Here's a look at a "show calendar" from my hometown theater circa November 1964, and from the looks of things, the Encyclopedia of Exploitation philosophy seems to be in full swing: a wacky teen surf comedy, For Those Who Think Young ("Beach-dollies! Ho-daddies!") with co-hit, the considerably earnest women's prison social drama House of Women; or how about Jerry Lewis in Don't Give Up the Ship plus Olivia De Havilland in Lady in a Cage; or my favorite, Flipper's New Adventure with added family bonus, Boris Karloff in The Terror!


Greg said...

One of the most infamous of double features was MEXICAN SPITFIRE SEES A GHOST with THE MAGNIFICENT AMBERSONS. Try explaining that one to the kids.

Robert Fiore said...

There was an old neighborhood theater called the Oriental -- I believe it was on Sunset but I could be wrong -- which in the 80s was the last stop before a movie went out of circulation, which made for some of the most surreal double bills imaginable. I suppose my favorite was "1984" and "The Slugger's Wife." Another good one was "The Terminator" and "Falling in Love."

Uncle Gustav said...

I just dug up some more double bill studio ads, Dennis! The series will be continuing soon. Thanx for the plug!

Anonymous said...

The Odd Couple & Rosemary's Baby? I remember that add...I think! Damn it looks so familiar.

Larry Aydlette said...

Speaking of double bills, I thought I read that Grindhouse will definitely be split in half for DVD. I hope that's not true, but I bet it is.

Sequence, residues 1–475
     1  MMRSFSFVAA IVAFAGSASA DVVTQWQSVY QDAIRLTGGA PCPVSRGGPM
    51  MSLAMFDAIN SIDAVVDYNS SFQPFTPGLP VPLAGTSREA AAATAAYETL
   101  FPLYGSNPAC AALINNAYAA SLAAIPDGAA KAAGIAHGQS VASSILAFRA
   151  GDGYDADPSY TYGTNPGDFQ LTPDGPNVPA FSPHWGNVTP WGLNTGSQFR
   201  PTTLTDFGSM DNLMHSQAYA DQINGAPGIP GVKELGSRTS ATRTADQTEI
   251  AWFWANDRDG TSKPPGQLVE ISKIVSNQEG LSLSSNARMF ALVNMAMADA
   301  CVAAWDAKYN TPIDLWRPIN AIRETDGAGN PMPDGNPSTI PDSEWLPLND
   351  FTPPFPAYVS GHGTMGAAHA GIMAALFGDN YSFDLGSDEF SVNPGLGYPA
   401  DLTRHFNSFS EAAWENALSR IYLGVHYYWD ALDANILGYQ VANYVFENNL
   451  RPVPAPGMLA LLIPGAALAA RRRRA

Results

Dennis Cozzalio said...

Shamus, it seems your record for sniffing out the truth remains unblemished. Here’s the word from Fangoria magazine and the Cinema Blend Web site, both confirming the bad news with near identical reports that came out last week.

Of course, the way to have seen Grindhouse as a double feature concept was definitely in the theater—reports of those poor folks walking out after Planet Terror, not realizing the movie was only half over, were apparently not rumors. But it would have been nice to have the DVD reflect that experience. Instead, the Weinsteins are gonna try to soak the movie’s fan base for twice the cash this fall. And who will be surprised when that giant five-disc set, containing the separate, extended features AND the original 195-minute double feature (with trailers) comes out sometime next year?

I definitely want to see the Cannes-extended Death Proof, but I’m not much interested in Rodriguez’s elongated Planet Terror-- that movie was just the right length as is.

Brian Doan said...

I love the Odd Couple/Rosemary's Baby pairing, esp. for the way it implies that RB is a sequel to that Neil Simon smash: "It has Lemmon's eyes! It has his EYES!!"

Anonymous said...

I'm a bit late to the party, but I'm definitely a fan of the unrelated double bill. As much as I love the New Beverly and the classic themed revival double-bill, two (or sometimes three) of the exact same type of film can be a bit much.

"The Odd Couple" and "Rosemarie's Baby" is, in fact, close to my idea of a perfect night at the movies.

Mr. Peel aka Peter Avellino said...

For a long time, I've wanted somebody to run a double bill of Lars Von Trier's THE IDIOTS and John Landis's THE STUPIDS. If that's not an ideal double bill, I don't know what is.